OK, Tim. Hit me with it. I'm ready to be leveled with and told hard truths that I might not like:

I propose just two rates, 10% and 25%.....A one-third cut in the bottom rate....And a 28% cut in the top rate to spur investment and job creation. In addition, we should eliminate all together the capital gains tax, interest income tax, dividends tax and the death tax.

....Once we unleash the creative energy of America’s businesses, families and individuals as we did in the eighties and nineties, a booming job market will reduce demand for government assistance. And rising incomes will increase federal revenues....5% economic growth over 10 years would generate 3.8 trillion dollars in new tax revenues.

So that's Tim Pawlenty's hard truth? That if I suck it up and accept lower taxes, federal revenues will magically go up and our deficit problem will already be half solved without anyone having to do anything? That's some tough talkin', governor. You'll probably take a real hit in the polls for this kind of truthtelling.

It's hard to know what to say about this. The pander quotient in Pawlenty's speech is just off the charts. It's less a speech than a series of Reagan-era applause lines bulked up on steroids and then stitched together for public consumption. Reduce taxes on the rich (plus a little bit on the middle class so it's not too obvious what's going on). Cut corporate taxes. Pass a balanced budget amendment. Raise the Social Security retirement age. Eliminate the post office, the government printing office, Amtrak, and Fannie and Freddie. Apply "Lean Six Sigma" to generate 20% spending reductions.1 Slash regulations that cost us $1.75 trillion per year. Repeal Dodd-Frank. Repeal healthcare reform. Gut the EPA. Keep the dollar strong. No more "printing money."

I dunno. It feels like Pawlenty is auditioning for the lead role in a campaign remake of "Heart of Darkness" or something. A couple of miscellaneous comments, though. First, after a few years of skirting dangerously close to reality, I guess it's once again official Republican dogma that tax cuts pay for themselves and then some. Glad to see they can still kick it old school. Second, it looks like the battle of the GOP "adults" — Romney and Pawlenty — is taking shape. Romney lately seems to be hedging a bit toward non-insanity, hoping that there's still a majority in the Republican Party that isn't quite willing to sail completely over the Palin/Beck/Limbaugh cliff into fairyland. Pawlenty, conversely, is going all in. If you believe in faith, freedom, and that old-time supply-side black magic, he's your man.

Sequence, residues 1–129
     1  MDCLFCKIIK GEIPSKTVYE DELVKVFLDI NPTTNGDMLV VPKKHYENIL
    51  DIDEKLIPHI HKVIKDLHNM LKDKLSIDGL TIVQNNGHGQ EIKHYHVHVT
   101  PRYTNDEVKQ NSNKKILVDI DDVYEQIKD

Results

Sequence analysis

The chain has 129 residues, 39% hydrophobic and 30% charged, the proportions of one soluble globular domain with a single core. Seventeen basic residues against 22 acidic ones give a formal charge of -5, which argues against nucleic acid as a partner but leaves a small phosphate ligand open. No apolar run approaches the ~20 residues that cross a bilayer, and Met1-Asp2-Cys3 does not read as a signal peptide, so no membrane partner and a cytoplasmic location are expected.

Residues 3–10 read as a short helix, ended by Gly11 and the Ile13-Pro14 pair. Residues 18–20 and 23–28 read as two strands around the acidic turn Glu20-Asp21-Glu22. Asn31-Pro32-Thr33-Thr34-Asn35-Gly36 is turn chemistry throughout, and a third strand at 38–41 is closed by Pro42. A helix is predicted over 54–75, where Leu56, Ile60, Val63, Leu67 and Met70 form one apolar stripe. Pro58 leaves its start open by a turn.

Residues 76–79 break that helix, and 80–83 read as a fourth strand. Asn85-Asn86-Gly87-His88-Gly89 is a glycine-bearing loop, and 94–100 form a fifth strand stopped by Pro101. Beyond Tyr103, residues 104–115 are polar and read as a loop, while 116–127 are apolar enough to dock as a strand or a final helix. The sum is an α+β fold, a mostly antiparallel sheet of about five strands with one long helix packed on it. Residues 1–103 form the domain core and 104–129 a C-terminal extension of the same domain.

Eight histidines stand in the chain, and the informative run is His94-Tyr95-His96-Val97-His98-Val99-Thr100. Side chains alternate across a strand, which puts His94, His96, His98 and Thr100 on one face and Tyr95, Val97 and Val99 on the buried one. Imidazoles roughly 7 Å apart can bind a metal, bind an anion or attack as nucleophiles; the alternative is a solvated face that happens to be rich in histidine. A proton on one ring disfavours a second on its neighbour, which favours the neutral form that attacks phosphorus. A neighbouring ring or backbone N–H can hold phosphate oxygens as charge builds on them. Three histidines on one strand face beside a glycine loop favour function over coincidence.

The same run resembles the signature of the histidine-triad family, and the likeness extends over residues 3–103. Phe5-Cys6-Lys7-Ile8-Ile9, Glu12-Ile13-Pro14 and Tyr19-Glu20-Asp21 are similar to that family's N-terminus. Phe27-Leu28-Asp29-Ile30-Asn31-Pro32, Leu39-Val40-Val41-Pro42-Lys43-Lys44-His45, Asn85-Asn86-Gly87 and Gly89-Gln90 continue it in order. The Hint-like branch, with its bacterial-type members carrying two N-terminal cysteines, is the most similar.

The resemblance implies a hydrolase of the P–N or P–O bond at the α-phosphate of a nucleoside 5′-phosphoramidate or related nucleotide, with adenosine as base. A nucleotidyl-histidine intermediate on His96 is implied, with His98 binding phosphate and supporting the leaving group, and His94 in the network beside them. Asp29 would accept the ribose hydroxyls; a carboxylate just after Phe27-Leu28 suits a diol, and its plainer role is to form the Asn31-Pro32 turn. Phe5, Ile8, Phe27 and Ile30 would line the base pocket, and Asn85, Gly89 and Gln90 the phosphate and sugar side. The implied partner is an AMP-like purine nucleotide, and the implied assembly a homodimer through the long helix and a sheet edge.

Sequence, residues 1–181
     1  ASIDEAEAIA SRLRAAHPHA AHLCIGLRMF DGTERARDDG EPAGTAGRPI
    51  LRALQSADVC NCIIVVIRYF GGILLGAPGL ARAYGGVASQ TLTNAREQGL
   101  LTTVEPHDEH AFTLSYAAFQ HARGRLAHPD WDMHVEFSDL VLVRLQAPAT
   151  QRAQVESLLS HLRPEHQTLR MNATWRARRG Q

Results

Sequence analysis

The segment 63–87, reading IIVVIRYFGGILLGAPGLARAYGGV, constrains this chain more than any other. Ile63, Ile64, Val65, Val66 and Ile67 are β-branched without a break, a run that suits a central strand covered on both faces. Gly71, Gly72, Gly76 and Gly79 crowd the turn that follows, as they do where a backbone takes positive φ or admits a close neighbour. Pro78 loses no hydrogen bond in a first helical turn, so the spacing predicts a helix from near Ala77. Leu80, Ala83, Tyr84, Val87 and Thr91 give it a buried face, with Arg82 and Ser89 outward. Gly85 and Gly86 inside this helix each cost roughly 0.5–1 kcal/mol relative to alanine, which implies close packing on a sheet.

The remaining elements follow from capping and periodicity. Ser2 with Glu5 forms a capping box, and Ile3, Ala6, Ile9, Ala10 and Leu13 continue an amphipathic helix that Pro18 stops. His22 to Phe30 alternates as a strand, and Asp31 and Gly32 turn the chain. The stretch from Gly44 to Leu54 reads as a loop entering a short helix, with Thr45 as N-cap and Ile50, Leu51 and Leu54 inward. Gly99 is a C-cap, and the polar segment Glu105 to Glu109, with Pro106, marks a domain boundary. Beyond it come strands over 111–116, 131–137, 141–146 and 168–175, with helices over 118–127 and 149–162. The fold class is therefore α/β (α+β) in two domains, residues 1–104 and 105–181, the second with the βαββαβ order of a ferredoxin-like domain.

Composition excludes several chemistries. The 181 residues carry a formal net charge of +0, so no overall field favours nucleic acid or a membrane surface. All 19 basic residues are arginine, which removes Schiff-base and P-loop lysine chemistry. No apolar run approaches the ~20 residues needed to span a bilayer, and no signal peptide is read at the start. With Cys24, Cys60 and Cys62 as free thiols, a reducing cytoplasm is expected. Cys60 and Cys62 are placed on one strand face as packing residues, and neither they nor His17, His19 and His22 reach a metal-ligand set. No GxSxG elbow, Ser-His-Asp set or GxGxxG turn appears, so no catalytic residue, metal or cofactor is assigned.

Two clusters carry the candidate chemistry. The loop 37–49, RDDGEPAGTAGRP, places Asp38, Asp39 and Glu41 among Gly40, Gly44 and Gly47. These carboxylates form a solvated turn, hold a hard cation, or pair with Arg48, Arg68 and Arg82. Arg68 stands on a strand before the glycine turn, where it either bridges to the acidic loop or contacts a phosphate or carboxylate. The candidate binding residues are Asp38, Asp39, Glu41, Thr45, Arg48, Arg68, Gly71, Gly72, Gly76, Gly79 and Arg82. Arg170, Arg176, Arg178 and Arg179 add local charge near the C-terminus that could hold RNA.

Which will Republican voters choose? I don't know, but the battle lines seem fairly well drawn now.

1No, I have no idea what this bit of corporate consultant babble means either, and I refuse to Google it to find out.

How Did We Manage to Kill Ilyas Kashmiri?

| Tue Jun. 7, 2011 12:30 PM PDT

A friend emails to alert me to the following interesting timeline:

May 27: Secretary of State Hillary Clinton visits Islamabad with a list of five top militant leaders that Washington would like to see dead. One of them is Ilyas Kashmiri, a terrorist leader who is close to al-Qaeda and suspected of playing a role in both the Mumbai massacre of 2008 and several attacks within Pakistan, including last month's attack on a naval base in Karachi.

May 29: Syed Saleem Shahzad, the Pakistan Bureau Chief for Asia Times Online, disappears. Shahzad, who has been critical of Pakistan's ISI and has exposed its cooperation with al-Qaeda elements, is known to have had contacts with Kashmiri and other jihadists.

May 31: Shahzad is found in a canal 80 miles outside of Islamabad, tortured and beaten. His cell phone is wiped clean from the previous 18 days.

June 3: Kashmiri is reportedly killed in a U.S. drone attack.

My friend asks: did the ISI simply kill a journalist who embarrassed the government and the military? Or did they torture his contacts out of him, as they've done to journalists before, on our behalf?

There are other alternatives, of course, including the possibility that the ISI had nothing to do with either Shahzad's death or the drone attack on Kashmiri. They just aren't very plausible. There's probably a pretty good story here for an enterprising reporter who's not afraid of ISI reprisals.

Greetings From Ohio

| Tue Jun. 7, 2011 12:25 PM PDT

This is going to be a little bit different than my last assignment, which looked like this: